Black children were less likely to be diagnosed with otitis media and more likely to be prescribed narrow-spectrum, rather than broad-spectrum, antibiotics compared with nonblack children, according to a recent study .

“These findings raise concerns that differences in care for otitis media based on race may reflect inappropriate treatment of otitis media with the use of broad-spectrum antibiotics in a majority of U.S. children,” wrote Dr. Katherine E. Fleming-Dutra of Emory University, Atlanta (Pediatrics 2014 [doi:10.1542/peds.2014-1781]).

After a study in the Philadelphia area showed lower otitis media diagnosis rates and less use of broad-spectrum antibiotics for blacks compared with nonblacks, these researchers investigated race, diagnosis, and prescribing patterns nationwide.

They analyzed visits for children 14 years old and younger between 2008 and 2010 using data from the National Ambulatory Medical Care Survey and the National Hospital Ambulatory Medical Care Survey, both data sets from the National Center for Health Statistics at the Centers for Disease Control and Prevention.

Based on 4,178 visits in the database, the researchers estimated that 19.2 million visits for otitis media occurred from 2008 to 2010 in the United States. However, only 7% of black children’s visits included an otitis media diagnosis, compared with 10% of nonblack children’s visits (P = .004).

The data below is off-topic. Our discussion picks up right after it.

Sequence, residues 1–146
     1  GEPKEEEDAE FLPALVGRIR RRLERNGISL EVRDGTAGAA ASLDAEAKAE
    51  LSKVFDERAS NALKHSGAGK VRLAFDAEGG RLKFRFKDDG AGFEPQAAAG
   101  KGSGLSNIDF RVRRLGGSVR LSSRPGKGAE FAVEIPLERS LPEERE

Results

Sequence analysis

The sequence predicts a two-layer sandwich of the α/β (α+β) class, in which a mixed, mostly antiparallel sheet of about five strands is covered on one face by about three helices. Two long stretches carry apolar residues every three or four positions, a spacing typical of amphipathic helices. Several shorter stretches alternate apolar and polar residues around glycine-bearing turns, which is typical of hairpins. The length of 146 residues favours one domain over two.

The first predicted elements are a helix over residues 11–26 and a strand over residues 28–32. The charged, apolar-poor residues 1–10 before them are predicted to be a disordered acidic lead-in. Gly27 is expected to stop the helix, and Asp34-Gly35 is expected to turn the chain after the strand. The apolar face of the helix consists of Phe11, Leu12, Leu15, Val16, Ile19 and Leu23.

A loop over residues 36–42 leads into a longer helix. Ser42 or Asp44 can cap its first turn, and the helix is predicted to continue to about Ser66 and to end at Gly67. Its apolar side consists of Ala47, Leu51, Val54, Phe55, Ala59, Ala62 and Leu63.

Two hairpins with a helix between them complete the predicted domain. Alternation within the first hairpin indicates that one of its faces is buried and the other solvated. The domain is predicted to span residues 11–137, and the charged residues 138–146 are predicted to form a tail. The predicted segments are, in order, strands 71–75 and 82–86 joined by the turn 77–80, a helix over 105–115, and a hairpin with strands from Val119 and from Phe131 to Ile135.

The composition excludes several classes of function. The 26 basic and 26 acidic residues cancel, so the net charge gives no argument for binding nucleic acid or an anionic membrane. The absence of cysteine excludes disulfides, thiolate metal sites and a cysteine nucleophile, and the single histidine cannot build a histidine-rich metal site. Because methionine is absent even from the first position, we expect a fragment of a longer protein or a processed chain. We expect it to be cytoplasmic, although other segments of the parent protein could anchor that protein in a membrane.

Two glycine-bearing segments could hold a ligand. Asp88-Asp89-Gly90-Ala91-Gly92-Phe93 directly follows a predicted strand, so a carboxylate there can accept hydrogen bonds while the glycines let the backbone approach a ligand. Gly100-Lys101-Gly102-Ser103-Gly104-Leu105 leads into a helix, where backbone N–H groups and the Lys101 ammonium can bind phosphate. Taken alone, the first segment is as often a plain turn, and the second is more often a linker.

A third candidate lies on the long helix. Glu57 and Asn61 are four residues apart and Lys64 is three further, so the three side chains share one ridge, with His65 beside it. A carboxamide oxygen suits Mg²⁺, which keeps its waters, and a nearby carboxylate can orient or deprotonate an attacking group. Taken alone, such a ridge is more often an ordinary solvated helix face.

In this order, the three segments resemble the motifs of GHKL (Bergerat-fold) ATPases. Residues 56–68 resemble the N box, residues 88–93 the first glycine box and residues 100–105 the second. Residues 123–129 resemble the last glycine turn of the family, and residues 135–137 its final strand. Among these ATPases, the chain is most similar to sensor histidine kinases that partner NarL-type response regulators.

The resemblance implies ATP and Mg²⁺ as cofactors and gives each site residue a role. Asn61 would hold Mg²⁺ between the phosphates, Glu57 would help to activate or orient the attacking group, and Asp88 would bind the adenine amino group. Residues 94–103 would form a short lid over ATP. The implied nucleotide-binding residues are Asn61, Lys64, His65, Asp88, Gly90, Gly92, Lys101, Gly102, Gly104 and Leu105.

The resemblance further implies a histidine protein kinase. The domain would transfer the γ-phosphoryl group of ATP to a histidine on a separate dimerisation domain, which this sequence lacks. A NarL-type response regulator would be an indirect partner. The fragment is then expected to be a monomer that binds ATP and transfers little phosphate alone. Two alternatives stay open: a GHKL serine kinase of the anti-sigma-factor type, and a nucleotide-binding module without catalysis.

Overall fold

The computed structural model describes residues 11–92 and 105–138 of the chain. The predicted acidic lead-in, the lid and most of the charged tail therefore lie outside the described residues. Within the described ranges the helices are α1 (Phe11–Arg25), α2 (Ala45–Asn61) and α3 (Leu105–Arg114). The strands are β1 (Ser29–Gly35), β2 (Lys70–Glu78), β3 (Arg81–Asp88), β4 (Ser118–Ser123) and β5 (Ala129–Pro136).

While black and nonblack children with otitis media were prescribed antibiotics at similar rates (81% vs. 76%, respectively, P = .30), black children were prescribed broad-spectrum antibiotics 42% of the time, compared with 52% for nonblack children (P = .01). Broad-spectrum cephalosporins were prescribed for otitis media for 12% of black children and 21% of nonblack children; broad-spectrum penicillins were prescribed for 10% of black children and 16% of nonblack children with otitis media.

After adjustment for age, gender, region, insurance, care setting, metropolitan area, and year, black children had 41% lower odds than did nonblack children of receiving a broad-spectrum antibiotic prescription for otitis media.

The study was funded by the CDC. Dr. Gerber and Dr. Hersh received a Pfizer research grant to implement antibiotic stewardship in children’s hospitals. The remaining authors had no relevant financial disclosures.


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